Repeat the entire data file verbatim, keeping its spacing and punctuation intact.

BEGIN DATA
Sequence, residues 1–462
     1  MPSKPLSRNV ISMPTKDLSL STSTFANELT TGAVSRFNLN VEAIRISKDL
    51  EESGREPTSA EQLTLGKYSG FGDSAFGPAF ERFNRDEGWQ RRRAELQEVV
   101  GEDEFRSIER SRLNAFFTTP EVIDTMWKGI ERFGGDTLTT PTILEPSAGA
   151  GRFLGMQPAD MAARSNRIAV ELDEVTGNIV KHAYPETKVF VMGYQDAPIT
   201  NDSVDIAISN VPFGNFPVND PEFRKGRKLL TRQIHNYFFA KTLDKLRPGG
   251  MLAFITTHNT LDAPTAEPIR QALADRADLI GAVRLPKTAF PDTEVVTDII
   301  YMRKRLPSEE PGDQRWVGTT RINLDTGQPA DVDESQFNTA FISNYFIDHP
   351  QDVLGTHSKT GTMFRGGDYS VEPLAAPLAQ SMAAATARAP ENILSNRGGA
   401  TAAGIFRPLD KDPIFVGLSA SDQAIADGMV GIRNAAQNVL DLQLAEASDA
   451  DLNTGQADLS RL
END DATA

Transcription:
Sequence, residues 1–462
     1  MPSKPLSRNV ISMPTKDLSL STSTFANELT TGAVSRFNLN VEAIRISKDL
    51  EESGREPTSA EQLTLGKYSG FGDSAFGPAF ERFNRDEGWQ RRRAELQEVV
   101  GEDEFRSIER SRLNAFFTTP EVIDTMWKGI ERFGGDTLTT PTILEPSAGA
   151  GRFLGMQPAD MAARSNRIAV ELDEVTGNIV KHAYPETKVF VMGYQDAPIT
   201  NDSVDIAISN VPFGNFPVND PEFRKGRKLL TRQIHNYFFA KTLDKLRPGG
   251  MLAFITTHNT LDAPTAEPIR QALADRADLI GAVRLPKTAF PDTEVVTDII
   301  YMRKRLPSEE PGDQRWVGTT RINLDTGQPA DVDESQFNTA FISNYFIDHP
   351  QDVLGTHSKT GTMFRGGDYS VEPLAAPLAQ SMAAATARAP ENILSNRGGA
   401  TAAGIFRPLD KDPIFVGLSA SDQAIADGMV GIRNAAQNVL DLQLAEASDA
   451  DLNTGQADLS RL